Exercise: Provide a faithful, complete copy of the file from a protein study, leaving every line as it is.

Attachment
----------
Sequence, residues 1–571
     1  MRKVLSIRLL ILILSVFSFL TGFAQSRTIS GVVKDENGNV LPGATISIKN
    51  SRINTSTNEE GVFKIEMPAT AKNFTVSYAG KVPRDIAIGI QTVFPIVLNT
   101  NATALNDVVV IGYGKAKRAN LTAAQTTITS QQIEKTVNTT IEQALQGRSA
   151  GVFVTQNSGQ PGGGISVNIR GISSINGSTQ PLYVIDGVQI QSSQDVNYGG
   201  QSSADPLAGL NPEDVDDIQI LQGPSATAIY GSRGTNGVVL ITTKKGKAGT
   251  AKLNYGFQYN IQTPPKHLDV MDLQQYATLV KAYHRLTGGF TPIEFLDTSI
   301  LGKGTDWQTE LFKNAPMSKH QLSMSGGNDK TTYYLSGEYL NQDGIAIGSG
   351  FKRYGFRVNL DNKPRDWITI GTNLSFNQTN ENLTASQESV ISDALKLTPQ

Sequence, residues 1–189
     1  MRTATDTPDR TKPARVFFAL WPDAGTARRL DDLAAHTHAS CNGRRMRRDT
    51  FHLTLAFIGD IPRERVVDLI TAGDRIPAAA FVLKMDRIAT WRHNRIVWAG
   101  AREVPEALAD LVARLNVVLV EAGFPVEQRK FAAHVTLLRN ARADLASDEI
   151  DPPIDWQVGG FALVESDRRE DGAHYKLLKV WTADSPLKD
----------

Sequence, residues 1–571
     1  MRKVLSIRLL ILILSVFSFL TGFAQSRTIS GVVKDENGNV LPGATISIKN
    51  SRINTSTNEE GVFKIEMPAT AKNFTVSYAG KVPRDIAIGI QTVFPIVLNT
   101  NATALNDVVV IGYGKAKRAN LTAAQTTITS QQIEKTVNTT IEQALQGRSA
   151  GVFVTQNSGQ PGGGISVNIR GISSINGSTQ PLYVIDGVQI QSSQDVNYGG
   201  QSSADPLAGL NPEDVDDIQI LQGPSATAIY GSRGTNGVVL ITTKKGKAGT
   251  AKLNYGFQYN IQTPPKHLDV MDLQQYATLV KAYHRLTGGF TPIEFLDTSI
   301  LGKGTDWQTE LFKNAPMSKH QLSMSGGNDK TTYYLSGEYL NQDGIAIGSG
   351  FKRYGFRVNL DNKPRDWITI GTNLSFNQTN ENLTASQESV ISDALKLTPQ

Sequence, residues 1–189
     1  MRTATDTPDR TKPARVFFAL WPDAGTARRL DDLAAHTHAS CNGRRMRRDT
    51  FHLTLAFIGD IPRERVVDLI TAGDRIPAAA FVLKMDRIAT WRHNRIVWAG
   101  AREVPEALAD LVARLNVVLV EAGFPVEQRK FAAHVTLLRN ARADLASDEI
   151  DPPIDWQVGG FALVESDRRE DGAHYKLLKV WTADSPLKD